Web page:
Hi again! I hope all of you had a great summer and are ready for the new school year. I am! It’s been a busy summer. But it’s also been fun to relax and recharge.
Let me catch you up.
The biggest news is that my partner and I moved from San Francisco to New York. After spending my entire life in the Bay Area (except for a year in graduate school and several summers in other cities), I wanted to try out a new adventure. It’s a little crazy — and some of my friends and family have made sure I know this — but so far, I’m feeling great feeling stretched.
Unfortunately, the move meant having to leave the great job I had last year as an instructional coach. Though I don’t reveal my employers on this site (to honor their policies regarding technology use), I can say that it was tough to leave the teachers with whom I worked. Together we made significant progress in figuring out what it means to teach high school students how to approach reading in a new, joyful, visible way.
The good news is, I was able to find a new job here in New York that is extremely similar. Instead of working at four schools, however, I will work exclusively with teachers at one school in the Bronx. Along with another instructional coach, my role is to promote the teaching of literacy across the curriculum and to help develop teachers’ confidence in teaching specific reading strategies.
The only major difference (as I see it, though this might change) is that I’ll likely be working with more beginning and inexperienced teachers than I did last year. My preference, of course, is to work with veteran teachers (for many reasons). It’s more easily and immediately fun. Yes, that’s selfish. Nevertheless, I also understand how crucial it is for teachers to receive high-quality coaching at the beginning of their careers. I remember my mentors in Cambridge and Fremont, and I hope to return the support and inspiration I received.
The weird part is, I always have trouble starting at a new job. Maybe that’s one reason I stuck around my San Francisco school for 12 years. (There are many other reasons, too!) It’s hard for me to get to know people; they probably feel the same thing about me. Doubts creep up: Um, do I really know anything about literacy, anyway? Where’s my credential? What makes me think that the teachers will find me helpful? I’m no expert, after all.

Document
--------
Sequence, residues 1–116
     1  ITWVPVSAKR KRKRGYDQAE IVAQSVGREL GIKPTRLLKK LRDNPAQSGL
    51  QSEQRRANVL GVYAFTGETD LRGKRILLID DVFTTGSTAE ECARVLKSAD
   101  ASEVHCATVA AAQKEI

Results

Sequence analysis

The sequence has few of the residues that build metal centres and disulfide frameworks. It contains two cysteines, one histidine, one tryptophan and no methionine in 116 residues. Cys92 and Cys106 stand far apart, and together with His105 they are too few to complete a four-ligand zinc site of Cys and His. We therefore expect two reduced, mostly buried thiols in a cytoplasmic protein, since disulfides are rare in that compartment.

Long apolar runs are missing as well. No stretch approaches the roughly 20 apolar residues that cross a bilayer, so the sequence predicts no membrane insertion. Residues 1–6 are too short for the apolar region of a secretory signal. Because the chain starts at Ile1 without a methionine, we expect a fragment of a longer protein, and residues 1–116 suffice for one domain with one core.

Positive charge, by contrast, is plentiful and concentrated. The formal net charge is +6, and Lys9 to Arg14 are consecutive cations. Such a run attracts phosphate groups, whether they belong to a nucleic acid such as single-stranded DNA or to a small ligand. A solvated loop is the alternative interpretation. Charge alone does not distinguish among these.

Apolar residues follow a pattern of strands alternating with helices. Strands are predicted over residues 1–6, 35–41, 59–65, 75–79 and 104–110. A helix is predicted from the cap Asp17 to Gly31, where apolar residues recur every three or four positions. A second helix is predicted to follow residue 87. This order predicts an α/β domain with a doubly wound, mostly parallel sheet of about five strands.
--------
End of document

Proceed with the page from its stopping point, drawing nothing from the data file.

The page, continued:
But over time, I trust, things will smooth out and take care of themselves.
Sort of rambling here, but I’ll leave you with one last thing (and go into more depth in an upcoming post). The Kindle Classroom Project has seen steady growth over the summer, and I’m happy to report that I’ll be receiving the 70th Kindle in the next few days!
All of the Kindles safely made the transcontinental move, and I’m eager to get them ready for the new students. Why didn’t the Kindles stay in San Francisco and Oakland? After tons of thought, I decided the program would be stronger if I’m nearby. Keeping all the Kindles up and running — not to mention the ebook library — takes constant care, and troubleshooting across the country just didn’t sound right. I look forward to meeting with the ninth grade teachers at my new school to get them hugely excited about getting their students involved.
I am also very happy that some of my passion for reading will not leave the Bay Area. My friend and former colleague Nancy Jo Turner, who works in Berkeley and is an excellent! excellent! ninth grade teacher, has agreed to take care of my physical book library and to launch a significant independent reading program with her students. She just completed cataloging the books — there are 512 in total! I can’t wait to share her updates from her classroom.
Update: I’ve decided to move back to San Francisco. More details in a future post.
So there it is, a rough update about what’s been going on this summer. I look forward to hearing from you, loyal Iserotope readers, and to share with you more stories this year. Let me know what you’d like to read about!